Adams: I’m not going away, you know

Posted By: July 08, 2016

Deaglan  de Breadun. Irish News (Belfast). Friday, July 8, 2016

Gerry Adams said he has no plans to retire.
In an interview with Dublin-based journalist Deaglán de Bréadún, Gerry Adams talks about the fallout from the EU referendum, his future as party leader and the threat to Sinn Féin in its heartland

SINN Féin will continue to promote the concept of an all-Ireland forum to deal with the fallout from the Brexit vote, Gerry Adams has said.

The party president also said he still thinks it was a good idea to demand a border poll in the aftermath of the EU referendum.

“There obviously is a challenge trying to get a majority in The North to support us but it’s a very legitimate demand and we will continue to pursue it,” he said.

Mr Adams shares the view that the referendum wasn’t just about finances and economics – it was also about identity.

“I’m not suggesting for a second that those who voted to remain from a unionist perspective have become united Irelanders. They patently haven’t. But they’re on a little voyage in the next two years, as these negotiations go on,” he said.

In that context, he believes the Taoiseach could play an important role but claims Enda Kenny “fumbled the ball” on proposals for an all-Ireland forum, which have been rejected by the DUP.

Given that the Dublin government was raising expectations in advance of a North South Ministerial Council meeting this week, he was surprised there was no effort beforehand to get Arlene Foster’s party on side.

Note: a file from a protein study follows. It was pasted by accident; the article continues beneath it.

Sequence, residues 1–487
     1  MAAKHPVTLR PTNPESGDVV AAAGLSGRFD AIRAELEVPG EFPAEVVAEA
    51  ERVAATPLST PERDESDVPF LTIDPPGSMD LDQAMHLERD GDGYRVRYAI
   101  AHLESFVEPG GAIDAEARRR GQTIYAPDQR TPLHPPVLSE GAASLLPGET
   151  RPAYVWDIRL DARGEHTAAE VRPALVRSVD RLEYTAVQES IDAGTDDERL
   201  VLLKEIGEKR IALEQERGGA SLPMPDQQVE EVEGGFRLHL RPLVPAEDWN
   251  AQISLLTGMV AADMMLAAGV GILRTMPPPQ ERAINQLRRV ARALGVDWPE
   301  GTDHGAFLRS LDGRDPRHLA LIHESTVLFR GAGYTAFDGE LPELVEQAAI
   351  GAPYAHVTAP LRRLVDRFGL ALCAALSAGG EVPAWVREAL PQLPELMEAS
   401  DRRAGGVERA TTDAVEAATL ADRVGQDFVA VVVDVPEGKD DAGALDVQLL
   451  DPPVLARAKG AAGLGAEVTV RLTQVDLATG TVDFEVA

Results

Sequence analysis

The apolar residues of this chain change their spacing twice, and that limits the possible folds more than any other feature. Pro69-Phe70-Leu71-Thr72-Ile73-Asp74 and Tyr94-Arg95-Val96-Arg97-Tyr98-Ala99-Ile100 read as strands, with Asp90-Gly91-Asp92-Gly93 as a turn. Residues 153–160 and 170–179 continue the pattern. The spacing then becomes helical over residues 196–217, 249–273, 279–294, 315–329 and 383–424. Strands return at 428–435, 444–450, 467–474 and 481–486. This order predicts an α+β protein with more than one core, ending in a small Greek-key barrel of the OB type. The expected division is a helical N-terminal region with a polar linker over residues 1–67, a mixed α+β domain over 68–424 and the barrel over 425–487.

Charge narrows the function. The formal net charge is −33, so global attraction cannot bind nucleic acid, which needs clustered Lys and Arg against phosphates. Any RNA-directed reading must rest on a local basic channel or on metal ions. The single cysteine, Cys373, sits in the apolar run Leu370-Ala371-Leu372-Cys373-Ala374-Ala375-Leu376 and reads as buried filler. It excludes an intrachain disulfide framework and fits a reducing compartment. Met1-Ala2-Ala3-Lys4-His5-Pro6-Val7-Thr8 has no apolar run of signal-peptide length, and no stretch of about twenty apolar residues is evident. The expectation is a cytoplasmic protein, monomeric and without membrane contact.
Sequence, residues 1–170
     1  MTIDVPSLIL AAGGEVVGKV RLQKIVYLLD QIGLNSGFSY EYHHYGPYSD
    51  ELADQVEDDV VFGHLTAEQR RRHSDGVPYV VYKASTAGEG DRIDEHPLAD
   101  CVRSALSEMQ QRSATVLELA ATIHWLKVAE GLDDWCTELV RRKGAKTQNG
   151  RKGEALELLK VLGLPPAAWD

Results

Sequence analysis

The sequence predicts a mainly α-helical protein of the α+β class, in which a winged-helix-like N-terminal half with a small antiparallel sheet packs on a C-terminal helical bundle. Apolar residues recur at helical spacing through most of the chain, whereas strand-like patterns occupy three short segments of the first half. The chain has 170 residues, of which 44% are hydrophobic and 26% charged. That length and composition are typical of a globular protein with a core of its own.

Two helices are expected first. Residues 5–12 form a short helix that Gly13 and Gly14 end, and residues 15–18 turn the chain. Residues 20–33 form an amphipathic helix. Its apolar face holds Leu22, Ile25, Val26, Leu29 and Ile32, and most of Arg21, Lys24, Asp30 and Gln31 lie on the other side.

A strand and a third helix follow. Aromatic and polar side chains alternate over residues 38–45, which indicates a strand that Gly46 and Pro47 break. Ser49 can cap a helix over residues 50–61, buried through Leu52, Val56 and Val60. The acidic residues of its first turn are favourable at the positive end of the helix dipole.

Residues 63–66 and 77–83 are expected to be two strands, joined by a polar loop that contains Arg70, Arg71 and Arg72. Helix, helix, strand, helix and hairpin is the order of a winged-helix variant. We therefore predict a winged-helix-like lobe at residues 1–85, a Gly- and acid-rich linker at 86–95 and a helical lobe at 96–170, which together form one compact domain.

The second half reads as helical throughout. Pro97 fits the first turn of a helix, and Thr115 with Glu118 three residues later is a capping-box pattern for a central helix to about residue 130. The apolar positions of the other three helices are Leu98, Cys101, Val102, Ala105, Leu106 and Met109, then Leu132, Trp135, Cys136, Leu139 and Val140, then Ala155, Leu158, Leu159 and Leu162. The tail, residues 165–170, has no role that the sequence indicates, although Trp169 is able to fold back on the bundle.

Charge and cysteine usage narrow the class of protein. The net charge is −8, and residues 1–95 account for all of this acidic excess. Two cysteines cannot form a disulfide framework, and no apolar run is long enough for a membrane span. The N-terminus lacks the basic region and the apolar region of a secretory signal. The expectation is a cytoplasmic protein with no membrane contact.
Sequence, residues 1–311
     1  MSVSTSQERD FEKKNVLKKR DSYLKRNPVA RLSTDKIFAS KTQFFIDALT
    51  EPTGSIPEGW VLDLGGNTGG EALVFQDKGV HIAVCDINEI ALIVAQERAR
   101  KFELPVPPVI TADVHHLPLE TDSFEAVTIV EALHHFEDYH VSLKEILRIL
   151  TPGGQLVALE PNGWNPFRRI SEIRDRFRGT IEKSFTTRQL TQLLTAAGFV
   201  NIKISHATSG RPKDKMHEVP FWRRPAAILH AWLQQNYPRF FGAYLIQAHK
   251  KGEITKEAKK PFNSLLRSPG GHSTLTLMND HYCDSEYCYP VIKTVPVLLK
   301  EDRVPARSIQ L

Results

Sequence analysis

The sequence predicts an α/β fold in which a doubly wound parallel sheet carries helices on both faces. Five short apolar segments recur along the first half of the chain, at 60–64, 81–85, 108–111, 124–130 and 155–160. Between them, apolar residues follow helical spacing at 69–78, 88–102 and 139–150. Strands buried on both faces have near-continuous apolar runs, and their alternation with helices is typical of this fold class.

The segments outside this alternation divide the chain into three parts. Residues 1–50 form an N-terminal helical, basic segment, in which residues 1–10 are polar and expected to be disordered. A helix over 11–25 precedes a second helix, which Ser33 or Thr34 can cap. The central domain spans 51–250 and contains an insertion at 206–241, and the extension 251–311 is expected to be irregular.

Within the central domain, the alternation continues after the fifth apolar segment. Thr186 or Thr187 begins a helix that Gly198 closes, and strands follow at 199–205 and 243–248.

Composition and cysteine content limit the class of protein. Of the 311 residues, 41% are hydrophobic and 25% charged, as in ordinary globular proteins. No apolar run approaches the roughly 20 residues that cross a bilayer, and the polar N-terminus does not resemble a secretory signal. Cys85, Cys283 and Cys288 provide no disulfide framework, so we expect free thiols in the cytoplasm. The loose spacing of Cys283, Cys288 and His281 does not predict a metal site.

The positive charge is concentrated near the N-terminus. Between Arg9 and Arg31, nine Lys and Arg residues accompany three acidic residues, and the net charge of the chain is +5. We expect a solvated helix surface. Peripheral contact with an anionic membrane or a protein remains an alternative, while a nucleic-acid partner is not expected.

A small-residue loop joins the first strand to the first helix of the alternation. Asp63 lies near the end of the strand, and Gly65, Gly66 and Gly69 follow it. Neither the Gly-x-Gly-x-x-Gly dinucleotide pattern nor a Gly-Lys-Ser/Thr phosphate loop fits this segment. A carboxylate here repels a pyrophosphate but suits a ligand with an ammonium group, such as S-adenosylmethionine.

When the meeting took place at Dublin Castle, the Taoiseach did not raise the forum issue at all.

“He’s not good on the breaking ball, he’s just not,” Mr Adams said.

But Mr Adams believes the forum idea should still be pursued.

“The DUP might decide not to attend and that would be disappointing and regrettable but civic unionism would attend, [also] the voluntary sector, the community sector and people involved in agriculture and business. A whole range of civic society would attend.”

Mr Adams said he has also been observing the post-Brexit leadership crisis in the British Labour Party.

“I know Jeremy a very, very long time,” he said.

“It’s classical stupidity, at a time when the Tories are in complete disarray and the working people would be looking for a positive, progressive voice, that the Labour parliamentary party would mount a leadership hit against a guy who was just in the job for nine months. It’s ridiculous.”

Whereas he wants Mr Corbyn to remain as Labour leader, on the Tory side he is certainly not keen on Michael Gove, who previously criticised the Good Friday Agreement and argued the IRA could have been defeated militarily.

“I read his little paper. Somebody drew it to my attention and it’s just rank right-wing nonsense,” he said.

Turning to other issues, Mr Adams renewed his call for a truth recovery process for the Troubles and said republicans should be every bit as open about their activities as those on the other side of the conflict.

“I can’t, in all conscience, rail against British or unionist paramilitary involvement in attacks and not hold republicans to the same standards. What happened at Kingsmill was absolutely and totally wrong. What happened in Birmingham was totally wrong,” he said.

Asked if republicans and loyalists should come forward in such a process and describe their actions, he replied: “I do. And the people who are resisting that at the moment are the British government. And I don’t for a second minimise the challenge that will be for republicans.”